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Building trust in foster and adopted children (part 2) . . .


Hello readers, I hope you all had a wonderful Christmas and holiday season! Children who have been through a lot of trauma and negative transitions have learned not to trust as a way of self-preservation and survival. However, in order to develop into a healthy adult, each child needs to learn to trust others. This does not happen overnight. It takes time and lots of “practice, practice, practice.” We as the parents must help our children know how to practice trusting. As I mentioned in my previous blog, here are some additional helpful hints and strategies that can help in developing trust in your child. Remember, be patient and persistent in using these strategies:

  • Try and stay at eye-level when using discipline. Don’t force eye contact with your child, but gently encourage it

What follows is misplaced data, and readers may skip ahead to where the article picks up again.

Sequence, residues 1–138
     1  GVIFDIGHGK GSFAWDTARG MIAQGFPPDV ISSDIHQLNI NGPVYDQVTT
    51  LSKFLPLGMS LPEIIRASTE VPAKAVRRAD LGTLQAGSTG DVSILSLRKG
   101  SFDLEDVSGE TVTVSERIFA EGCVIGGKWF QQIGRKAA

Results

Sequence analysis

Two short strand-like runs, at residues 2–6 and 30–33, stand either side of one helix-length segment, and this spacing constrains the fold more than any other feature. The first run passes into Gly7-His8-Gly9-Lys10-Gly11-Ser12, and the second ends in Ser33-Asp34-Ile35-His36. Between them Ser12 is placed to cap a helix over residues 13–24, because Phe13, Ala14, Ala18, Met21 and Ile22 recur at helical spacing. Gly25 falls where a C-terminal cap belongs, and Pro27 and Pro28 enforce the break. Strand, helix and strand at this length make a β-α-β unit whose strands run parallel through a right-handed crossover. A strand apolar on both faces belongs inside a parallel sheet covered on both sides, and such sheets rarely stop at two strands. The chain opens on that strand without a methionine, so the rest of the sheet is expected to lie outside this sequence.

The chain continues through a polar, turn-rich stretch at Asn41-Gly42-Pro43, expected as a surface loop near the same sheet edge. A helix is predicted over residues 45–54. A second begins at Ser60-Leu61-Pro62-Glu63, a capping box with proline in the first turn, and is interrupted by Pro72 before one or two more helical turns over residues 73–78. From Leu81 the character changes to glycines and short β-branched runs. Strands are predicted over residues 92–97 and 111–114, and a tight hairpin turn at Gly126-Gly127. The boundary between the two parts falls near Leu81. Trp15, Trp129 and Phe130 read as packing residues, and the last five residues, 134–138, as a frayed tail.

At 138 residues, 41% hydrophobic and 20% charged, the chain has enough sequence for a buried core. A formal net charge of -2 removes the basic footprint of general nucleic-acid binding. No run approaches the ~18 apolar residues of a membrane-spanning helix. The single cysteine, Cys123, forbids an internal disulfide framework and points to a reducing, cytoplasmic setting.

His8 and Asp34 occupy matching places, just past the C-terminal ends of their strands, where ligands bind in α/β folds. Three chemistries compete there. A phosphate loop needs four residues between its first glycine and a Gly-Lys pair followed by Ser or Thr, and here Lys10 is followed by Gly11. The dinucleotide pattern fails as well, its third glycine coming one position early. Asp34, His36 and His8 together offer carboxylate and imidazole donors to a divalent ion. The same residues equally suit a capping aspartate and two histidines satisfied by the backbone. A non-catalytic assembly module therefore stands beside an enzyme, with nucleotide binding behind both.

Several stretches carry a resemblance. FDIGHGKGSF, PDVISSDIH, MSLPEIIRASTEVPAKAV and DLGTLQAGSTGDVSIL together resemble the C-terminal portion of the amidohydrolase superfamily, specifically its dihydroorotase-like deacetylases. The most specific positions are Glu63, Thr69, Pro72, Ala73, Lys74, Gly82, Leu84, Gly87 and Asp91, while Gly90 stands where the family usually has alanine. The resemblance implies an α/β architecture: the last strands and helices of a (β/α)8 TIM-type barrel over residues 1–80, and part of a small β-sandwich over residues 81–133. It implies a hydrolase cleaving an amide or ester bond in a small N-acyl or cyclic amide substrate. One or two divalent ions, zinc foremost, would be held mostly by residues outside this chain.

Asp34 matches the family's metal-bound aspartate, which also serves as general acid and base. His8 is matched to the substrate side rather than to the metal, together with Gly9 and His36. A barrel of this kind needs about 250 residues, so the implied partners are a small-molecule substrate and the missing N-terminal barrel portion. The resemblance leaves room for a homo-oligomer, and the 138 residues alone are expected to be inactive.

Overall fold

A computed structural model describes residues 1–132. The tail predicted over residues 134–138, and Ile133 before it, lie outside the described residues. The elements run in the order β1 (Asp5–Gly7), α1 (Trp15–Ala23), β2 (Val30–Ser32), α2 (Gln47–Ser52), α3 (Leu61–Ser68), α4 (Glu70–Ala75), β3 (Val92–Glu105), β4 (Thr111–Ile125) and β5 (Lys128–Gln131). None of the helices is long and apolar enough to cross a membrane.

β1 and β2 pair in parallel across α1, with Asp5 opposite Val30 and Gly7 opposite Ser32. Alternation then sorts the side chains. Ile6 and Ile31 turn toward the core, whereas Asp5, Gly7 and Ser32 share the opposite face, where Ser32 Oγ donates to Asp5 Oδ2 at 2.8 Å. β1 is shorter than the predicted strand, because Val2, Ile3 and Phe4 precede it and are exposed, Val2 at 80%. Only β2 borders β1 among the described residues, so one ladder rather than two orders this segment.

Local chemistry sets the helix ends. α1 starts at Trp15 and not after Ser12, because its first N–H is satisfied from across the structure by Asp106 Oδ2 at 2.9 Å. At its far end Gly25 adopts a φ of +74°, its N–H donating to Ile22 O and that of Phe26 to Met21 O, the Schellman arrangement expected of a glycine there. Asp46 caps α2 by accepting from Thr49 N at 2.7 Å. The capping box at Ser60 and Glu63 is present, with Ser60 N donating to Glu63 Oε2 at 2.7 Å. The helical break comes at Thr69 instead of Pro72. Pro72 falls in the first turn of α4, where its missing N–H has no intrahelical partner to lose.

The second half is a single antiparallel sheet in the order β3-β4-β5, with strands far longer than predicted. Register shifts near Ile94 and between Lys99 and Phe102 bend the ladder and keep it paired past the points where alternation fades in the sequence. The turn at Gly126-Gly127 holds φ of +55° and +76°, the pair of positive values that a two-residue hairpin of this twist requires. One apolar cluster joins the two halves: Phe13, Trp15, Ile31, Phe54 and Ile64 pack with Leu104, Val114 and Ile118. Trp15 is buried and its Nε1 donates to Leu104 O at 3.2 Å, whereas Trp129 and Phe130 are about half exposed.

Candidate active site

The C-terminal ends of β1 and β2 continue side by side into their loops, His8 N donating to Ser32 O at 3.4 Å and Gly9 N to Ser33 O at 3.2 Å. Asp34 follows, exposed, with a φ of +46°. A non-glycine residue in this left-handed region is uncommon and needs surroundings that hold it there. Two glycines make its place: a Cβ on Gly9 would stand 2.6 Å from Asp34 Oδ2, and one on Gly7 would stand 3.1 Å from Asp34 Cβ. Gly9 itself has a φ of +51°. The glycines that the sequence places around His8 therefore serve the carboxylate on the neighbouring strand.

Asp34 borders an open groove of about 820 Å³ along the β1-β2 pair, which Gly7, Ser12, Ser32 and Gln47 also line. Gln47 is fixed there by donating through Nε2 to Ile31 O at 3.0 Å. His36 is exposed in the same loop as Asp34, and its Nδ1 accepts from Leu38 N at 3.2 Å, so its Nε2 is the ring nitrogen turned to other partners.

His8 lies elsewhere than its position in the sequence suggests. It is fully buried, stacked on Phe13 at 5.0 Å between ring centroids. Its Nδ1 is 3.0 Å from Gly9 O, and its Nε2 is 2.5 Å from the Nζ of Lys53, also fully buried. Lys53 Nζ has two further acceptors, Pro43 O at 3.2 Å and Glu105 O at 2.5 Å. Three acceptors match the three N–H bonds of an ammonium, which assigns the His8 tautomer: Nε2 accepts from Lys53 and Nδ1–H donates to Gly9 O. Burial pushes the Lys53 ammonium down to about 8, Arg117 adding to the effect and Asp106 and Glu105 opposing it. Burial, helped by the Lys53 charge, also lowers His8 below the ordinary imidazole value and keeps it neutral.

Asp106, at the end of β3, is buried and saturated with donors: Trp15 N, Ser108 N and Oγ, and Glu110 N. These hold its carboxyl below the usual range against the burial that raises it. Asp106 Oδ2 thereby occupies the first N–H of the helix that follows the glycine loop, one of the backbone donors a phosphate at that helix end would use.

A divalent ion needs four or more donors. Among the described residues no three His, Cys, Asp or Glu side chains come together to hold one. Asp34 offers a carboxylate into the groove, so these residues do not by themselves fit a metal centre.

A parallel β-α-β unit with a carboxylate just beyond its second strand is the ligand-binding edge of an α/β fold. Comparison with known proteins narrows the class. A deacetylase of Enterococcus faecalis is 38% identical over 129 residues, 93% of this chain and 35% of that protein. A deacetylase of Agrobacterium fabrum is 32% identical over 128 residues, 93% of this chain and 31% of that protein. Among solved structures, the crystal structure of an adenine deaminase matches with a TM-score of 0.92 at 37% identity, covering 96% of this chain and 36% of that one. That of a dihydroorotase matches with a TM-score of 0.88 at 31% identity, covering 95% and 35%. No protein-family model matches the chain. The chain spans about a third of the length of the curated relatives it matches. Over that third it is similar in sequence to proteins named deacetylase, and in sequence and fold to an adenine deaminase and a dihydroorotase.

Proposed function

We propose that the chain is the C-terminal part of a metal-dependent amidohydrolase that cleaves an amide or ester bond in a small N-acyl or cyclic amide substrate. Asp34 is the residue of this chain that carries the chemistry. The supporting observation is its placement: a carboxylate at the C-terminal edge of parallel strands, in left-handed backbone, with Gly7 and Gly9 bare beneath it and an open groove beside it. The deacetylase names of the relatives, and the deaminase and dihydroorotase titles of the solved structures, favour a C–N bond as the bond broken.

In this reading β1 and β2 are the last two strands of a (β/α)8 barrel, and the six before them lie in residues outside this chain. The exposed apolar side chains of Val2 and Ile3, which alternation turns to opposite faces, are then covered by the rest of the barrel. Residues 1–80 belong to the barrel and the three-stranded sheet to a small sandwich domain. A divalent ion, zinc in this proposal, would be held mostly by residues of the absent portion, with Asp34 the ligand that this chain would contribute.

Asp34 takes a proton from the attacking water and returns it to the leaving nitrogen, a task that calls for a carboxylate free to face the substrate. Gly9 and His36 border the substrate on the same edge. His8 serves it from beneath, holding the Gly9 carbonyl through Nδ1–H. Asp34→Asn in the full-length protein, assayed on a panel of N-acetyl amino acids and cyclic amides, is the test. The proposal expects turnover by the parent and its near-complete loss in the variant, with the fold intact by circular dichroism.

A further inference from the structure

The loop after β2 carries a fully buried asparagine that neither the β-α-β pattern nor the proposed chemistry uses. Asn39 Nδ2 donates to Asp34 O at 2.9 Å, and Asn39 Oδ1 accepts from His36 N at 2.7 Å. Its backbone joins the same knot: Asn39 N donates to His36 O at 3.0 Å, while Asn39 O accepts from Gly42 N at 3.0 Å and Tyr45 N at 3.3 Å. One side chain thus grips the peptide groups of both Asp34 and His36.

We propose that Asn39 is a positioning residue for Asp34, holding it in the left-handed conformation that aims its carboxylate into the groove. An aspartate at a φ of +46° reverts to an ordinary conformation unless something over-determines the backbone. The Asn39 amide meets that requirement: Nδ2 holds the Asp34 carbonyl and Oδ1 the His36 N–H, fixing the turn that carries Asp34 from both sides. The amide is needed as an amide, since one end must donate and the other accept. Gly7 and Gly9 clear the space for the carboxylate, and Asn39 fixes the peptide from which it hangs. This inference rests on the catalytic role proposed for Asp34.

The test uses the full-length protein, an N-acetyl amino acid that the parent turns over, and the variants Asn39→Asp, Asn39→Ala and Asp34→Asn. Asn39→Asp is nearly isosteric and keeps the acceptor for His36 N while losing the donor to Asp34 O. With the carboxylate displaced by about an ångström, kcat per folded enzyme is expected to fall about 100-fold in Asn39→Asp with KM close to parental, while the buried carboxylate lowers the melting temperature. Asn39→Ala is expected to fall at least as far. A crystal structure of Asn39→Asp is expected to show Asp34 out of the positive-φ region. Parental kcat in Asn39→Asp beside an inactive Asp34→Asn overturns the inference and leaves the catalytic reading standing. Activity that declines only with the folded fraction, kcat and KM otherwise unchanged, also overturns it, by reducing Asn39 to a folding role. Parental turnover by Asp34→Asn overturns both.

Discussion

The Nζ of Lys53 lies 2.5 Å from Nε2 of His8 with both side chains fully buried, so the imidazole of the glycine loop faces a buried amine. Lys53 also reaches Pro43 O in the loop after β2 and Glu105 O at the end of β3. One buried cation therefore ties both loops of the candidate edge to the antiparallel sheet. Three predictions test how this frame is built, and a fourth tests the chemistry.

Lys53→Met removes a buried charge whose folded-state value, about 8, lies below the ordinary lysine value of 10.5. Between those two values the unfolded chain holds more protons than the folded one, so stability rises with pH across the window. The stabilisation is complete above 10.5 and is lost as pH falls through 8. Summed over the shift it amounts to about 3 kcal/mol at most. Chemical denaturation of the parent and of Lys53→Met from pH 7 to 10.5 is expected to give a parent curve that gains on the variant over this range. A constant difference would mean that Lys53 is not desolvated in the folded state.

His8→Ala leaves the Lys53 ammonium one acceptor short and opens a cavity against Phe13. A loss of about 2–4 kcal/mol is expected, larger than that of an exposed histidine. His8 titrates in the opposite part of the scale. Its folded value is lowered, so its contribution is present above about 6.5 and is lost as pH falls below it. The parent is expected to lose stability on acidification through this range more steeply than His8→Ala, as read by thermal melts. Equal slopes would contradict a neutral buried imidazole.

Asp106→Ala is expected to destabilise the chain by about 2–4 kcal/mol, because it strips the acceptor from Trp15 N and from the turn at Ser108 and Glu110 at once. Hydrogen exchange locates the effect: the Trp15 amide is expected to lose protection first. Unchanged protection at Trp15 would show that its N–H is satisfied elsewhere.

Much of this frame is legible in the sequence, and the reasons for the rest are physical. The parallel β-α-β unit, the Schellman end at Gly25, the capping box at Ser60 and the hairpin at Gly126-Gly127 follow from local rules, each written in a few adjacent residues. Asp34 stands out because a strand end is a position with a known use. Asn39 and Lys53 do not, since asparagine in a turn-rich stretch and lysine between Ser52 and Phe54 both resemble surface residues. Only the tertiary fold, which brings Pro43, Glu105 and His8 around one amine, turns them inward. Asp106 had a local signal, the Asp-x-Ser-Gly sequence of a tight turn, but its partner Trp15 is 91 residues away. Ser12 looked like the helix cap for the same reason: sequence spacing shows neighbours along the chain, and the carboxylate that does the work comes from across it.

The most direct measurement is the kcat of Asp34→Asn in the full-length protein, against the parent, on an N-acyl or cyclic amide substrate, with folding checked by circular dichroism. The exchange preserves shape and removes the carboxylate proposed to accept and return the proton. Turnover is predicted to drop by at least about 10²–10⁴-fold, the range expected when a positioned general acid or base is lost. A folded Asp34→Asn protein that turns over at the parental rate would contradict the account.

• As much as possible, keep predictability and routine in your child’s daily schedule

  • Verbally reward your child, even in his/her small achievements

  • Tell your child often that he or she is loved

  • Use immediate rewards for good behavior

  • Practice empathy and active listening when your child is distressed

  • Do regular activities together such as outings, outdoor physical activities, and low-competitive games

  • Always follow through on the limits you set

  • Give your child permission to express his or her emotions (in an appropriate manner)

Parents, I hope this has been helpful to you! I would be interested in your feedback and what strategies and approaches you have used to help your child grow and develop his or her level of trust.